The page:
* Includes provincial, municipal, government agency and supranational entities
** ILB refers to inflation linked bonds


Inflation: large adjustment, in need of follow-through

Back in August of last year, we aired our concerns about a cyclical shift to a more inflationary environment and the potential inflation implications of the U.S. political agenda, most notably protectionist measures. To express this view, we had gradually accumulated positions during the second half of 2016 in U.S. TIPS across our Signature Canadian Bond Fund, Signature Global Bond Fund, and Signature Tactical Bond Pool.

These concerns manifested more firmly in market pricing following the U.S. election. The timeline for implementation of the proposed U.S. policy changes is now becoming increasingly clear to markets, and it is likely to be lengthy. Our allocation to TIPS has captured the one-time large readjustment of inflation expectations, though there is a risk that these assets may not perform as well relative to nominal bonds going forward, particularly should U.S. policymakers fall short in delivering on their plans.

Given this balance of risks, we have pared back the size of our TIPS allocations across our strategies accordingly, though we retain meaningful exposure to the asset class. TIPS positions have merits beyond serving as a medium for expressing inflation views. During the current season, the carry on these instruments can be quite favourable relative to nominal government bonds, while modest concessions are made in terms of liquidity and correlation to risky assets (see our blog titled Inflation protection in the fixed income markets for more general information on inflation linked bonds). We see this important portfolio diversifier continuing to produce benefits for the portfolios, and its size will be managed tactically to make the most of these benefits.

Source: Bloomberg, Signature Global Asset Management


Drivers of performance and future developments

Further to the duration, yield curve, and TIPS allocation positioning discussed earlier, the following tables provide an  in depth look at how performance has been generated over the first two months of 2017, how it fits into the fixed income suite at Signature, and a brief look ahead to future updates.

As of February 28, 2017, the Signature Canadian Bond Fund  has outperformed the FTSE TMX Canada Universe + Maple Bond Index by 0.24% over the year to date (this relative performance and breakdown below is expressed gross of all fees and taxes). Duration and yield curve positioning, corporate credit spread and inflation linked bond exposure have all contributed positively to this performance, while residual exposure to a weaker U.S. dollar provided some offset.

Source: Bloomberg, Signature Global Asset Management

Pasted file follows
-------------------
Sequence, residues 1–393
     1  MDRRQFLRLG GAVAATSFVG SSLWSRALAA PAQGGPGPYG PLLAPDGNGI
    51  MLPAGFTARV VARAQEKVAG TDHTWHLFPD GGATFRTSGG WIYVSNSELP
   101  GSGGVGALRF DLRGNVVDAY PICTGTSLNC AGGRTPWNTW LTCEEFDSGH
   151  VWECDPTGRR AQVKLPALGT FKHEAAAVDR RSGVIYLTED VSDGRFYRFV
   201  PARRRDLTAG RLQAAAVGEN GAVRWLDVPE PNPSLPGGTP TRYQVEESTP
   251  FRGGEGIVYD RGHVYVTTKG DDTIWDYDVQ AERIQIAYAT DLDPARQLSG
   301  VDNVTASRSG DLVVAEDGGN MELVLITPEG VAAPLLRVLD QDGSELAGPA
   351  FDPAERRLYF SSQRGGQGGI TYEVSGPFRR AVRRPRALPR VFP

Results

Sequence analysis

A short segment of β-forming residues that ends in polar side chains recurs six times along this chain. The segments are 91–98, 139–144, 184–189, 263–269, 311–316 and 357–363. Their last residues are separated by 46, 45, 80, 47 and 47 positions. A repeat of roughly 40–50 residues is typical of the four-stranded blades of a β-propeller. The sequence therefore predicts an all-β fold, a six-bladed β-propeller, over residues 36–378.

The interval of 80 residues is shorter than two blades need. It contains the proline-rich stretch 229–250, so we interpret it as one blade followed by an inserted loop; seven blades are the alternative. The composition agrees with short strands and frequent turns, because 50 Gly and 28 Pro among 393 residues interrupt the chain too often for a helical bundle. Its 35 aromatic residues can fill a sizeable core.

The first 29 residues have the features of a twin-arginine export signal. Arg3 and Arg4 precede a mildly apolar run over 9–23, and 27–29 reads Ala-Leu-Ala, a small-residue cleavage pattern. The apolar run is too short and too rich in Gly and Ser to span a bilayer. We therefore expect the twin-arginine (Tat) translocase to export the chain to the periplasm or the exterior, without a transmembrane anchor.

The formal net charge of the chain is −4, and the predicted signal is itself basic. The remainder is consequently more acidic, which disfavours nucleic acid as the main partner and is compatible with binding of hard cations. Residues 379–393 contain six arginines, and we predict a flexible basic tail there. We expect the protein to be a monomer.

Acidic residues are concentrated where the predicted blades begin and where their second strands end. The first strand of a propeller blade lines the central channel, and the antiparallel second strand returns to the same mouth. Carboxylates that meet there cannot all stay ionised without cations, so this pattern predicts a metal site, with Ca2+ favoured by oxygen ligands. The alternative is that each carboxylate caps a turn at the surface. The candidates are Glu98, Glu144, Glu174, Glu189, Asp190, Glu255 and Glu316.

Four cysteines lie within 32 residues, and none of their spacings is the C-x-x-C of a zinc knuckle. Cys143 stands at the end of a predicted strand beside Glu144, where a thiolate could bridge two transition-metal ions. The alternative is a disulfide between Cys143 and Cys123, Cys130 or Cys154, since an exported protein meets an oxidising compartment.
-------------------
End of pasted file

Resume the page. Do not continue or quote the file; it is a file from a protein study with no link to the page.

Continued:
Quarter-to-date and year-to-date as at February 28, 2017.


The fixed income markets will remain choppy amid the ongoing monetary to fiscal policy handoff, and we continue to actively manage our exposure to different drivers of fixed income performance to navigate this challenging environment (see our Tactical Bond Strategy Update from September for more on the fixed income levers we utilize to achieve various objectives). Our April update will examine highlights from our Signature Tactical Bond Pool and emerging markets strategy.

Source: Bloomberg, Signature Global Asset Management


An overview of the counter cyclical fixed income suite offered by Signature


Standard performance data – As at February 28, 2017

Fund Code Fund Name YTD% 1YR% 3YR% 5YR% 10yr% Since INception Inception Date
CIG 7226 Signature Short-Term Bond Fund Class F 0.5 0.9 1.3 1.5 2.3 3.2 11/17/00
CIG 726 Signature Canadian Bond Fund Class F 0.9 1.5 3.2 3.0 4.0 4.7 07/17/00
CIG 4345 Signature Tactical Bond Pool Class F 0.9 1.8 N/A N/A N/A 2.5 12/17/15
CIG 129 Signature Global Bond Fund Class F 0.2 -3.9 5.1 4.8 4.9 3.9 07/17/00


Disclaimer: This commentary is published by CI Investments Inc. It is provided as a general source of information and should not be considered personal investment advice or an offer or solicitation to buy or sell securities. Every effort has been made to ensure that the material contained in this commentary is accurate at the time of publication. However, CI Investments Inc. cannot guarantee its accuracy or completeness and accepts no responsibility for any loss arising from any use of or reliance on the information contained herein. This report may contain forward-looking statements about the fund, its future performance, strategies or prospects, and possible future fund action. These statements reflect the portfolio managers’ current beliefs and are based on information currently available to them. Forward-looking statements are not guarantees of future performance. We caution you not to place undue reliance on these statements as a number of factors could cause actual events or results to differ materially from those expressed in any forward-looking statement, including economic, political and market changes and other developments. Commissions, trailing commissions, management fees and expenses all may be associated with mutual fund investments. Please read the prospectus before investing. The indicated rates of return include changes in unit value and reinvestment of all distributions and does not take into account sales, redemption, distribution or optional charges or income taxes payable by any securityholder that would have reduced returns. Mutual funds are not guaranteed, their values change frequently and past performance may not be repeated.